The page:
HONDURAS - New vdeo showcases sustainable success story for tilapia aquaculture

Regal Springs tilapia operation in northwest Honduras is the subject of a new mini-documentary that is the second in a video series showcasing sustainable aquaculture around the world
December 18, 2013

Regal  Springs’  tilapia  operation  in  northwest  Honduras  is  the  subject  of  a  new  mini-documentary  that  is  the  second  in  a  video  series  showcasing  sustainable  aquaculture  around  the  world.  Produced  by  the  U.S.  Soybean  Export  Council  (USSEC)  with  funding  from  the  soybean  check-off  program,  

View the  video.  

The  Regal  Springs/Aquafinca  operation  in  Honduras  is  the  first  aquaculture  facility  worldwide  to  be  certified  by  the  Aquaculture  Stewardship  Council,  according  to  stringent  standards  that  must  be  met  for  the  health  of  the  fish,  environmental  impact,  and  social  justice  and  community  support,  in  order  to  be  certified  as  sustainable.  USSEC  has  provided  support  for  Regal  Springs/Aquafinca  in  the  form  of  training,  feed  formulation  trials,  seminars,  and  technical  consultation.  

Replacing  wild-caught  fishmeal  and  fish  oil  in  feed  with  soybean  meal  lowers  the  fish‐in:fish‐out  ratio  of  feed,  which  helps  to  enhance  overall  sustainability  of  farmed  fish.  Regal  Springs’  vertically  integrated  operation  in  Honduras  consists  of  a  hatchery,  two  grow‐out  locations  in  Lake  Yojoa  and  El  Cajon  Reservoir,  a  processing  plant  and  feed  mill.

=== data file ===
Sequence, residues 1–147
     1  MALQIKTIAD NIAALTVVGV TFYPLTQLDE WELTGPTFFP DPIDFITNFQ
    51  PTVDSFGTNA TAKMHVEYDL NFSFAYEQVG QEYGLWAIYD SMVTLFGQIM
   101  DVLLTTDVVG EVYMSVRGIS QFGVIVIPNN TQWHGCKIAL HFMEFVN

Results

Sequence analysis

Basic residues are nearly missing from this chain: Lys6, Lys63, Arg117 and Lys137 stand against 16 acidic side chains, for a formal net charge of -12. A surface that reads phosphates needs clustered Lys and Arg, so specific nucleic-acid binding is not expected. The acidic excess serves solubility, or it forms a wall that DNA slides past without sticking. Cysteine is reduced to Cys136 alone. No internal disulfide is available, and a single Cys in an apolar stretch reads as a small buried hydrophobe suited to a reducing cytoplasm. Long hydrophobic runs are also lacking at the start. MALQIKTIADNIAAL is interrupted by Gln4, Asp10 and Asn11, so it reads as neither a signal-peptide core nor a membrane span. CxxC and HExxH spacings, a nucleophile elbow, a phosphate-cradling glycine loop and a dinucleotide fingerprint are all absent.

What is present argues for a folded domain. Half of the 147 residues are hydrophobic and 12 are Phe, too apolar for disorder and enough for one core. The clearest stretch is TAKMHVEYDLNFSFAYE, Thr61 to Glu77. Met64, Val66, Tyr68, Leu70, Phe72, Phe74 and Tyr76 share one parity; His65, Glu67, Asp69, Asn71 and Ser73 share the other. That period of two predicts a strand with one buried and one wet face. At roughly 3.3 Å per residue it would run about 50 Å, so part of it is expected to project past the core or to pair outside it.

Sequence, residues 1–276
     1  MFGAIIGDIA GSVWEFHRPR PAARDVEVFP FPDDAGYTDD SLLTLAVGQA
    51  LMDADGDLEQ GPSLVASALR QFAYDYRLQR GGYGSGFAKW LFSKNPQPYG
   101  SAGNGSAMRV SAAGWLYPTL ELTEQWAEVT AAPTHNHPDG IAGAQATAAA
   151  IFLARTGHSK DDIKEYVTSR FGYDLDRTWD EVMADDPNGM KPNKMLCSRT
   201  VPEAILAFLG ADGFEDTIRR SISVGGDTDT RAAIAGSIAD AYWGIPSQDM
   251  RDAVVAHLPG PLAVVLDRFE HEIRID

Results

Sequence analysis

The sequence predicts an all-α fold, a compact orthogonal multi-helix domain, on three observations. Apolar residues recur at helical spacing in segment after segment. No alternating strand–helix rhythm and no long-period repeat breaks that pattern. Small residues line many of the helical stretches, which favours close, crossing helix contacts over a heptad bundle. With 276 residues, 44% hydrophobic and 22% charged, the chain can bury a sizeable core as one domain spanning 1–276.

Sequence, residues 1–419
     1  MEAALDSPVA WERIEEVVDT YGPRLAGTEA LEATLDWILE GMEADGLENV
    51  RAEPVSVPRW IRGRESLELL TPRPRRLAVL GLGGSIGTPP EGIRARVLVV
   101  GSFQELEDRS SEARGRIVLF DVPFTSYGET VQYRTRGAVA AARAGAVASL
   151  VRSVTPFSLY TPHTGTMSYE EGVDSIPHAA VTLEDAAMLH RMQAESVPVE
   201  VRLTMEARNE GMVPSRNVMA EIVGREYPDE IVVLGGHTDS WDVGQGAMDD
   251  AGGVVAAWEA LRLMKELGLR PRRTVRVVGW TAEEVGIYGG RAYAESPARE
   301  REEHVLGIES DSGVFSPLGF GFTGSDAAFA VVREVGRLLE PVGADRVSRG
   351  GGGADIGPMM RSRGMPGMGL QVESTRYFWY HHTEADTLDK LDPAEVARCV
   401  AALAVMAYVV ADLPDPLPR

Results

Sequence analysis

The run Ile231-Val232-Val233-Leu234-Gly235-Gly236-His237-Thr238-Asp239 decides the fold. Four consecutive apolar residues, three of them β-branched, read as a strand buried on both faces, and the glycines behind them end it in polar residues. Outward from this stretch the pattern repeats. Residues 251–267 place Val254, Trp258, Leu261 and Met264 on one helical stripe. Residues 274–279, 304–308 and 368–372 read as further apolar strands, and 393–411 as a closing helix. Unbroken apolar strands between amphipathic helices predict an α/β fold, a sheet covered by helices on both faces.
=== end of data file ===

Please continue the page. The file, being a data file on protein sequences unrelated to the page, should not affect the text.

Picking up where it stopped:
The  fish  are  raised  from  hatch  to  harvest,  and  every  part  of  the  fish  is  utilized  in  processing  ‐  for  example,  producing  bio-diesel  and  fishmeal  and  fish  oil  for  shrimp  feed  from  trimmings  - so  that  there  is  no  waste  from  the  processing  plant.  Sustainability  is  at  the  core  of  Regal  Springs’  business  philosophy,  and  translates  not  just  into  environmentally  sound  production  methods  and  no-waste  processing  technology,  but  also  social  programs  for  the  company’s  workers  and  communities  in  which  they  do  business.  These  programs  include  providing  educational  resources  and  building  schools  in  the  area,  managing  a  forest  conservation  program,  stock  enhancement  for  local  fishermen,  and  providing  fingerlings  for  community  aquaculture  projects.  

“Regal  Springs’  tilapia  operations  around  the  world  are  a  good  example  of  modern  aquaculture  as  a  sustainable  business  enterprise,”  said  Dr.  Michael  Cremer,  International  Aquaculture  Senior  Program  Advisor  at  USSEC.  “Aquaculture  will  continue  to  be  a  major  source  of  healthy  food  for  a  growing  population.  Regal  Springs  shows  how  to  scale  up  responsibly  and  sustainably  to  produce  a  healthy,  high  quality  food.”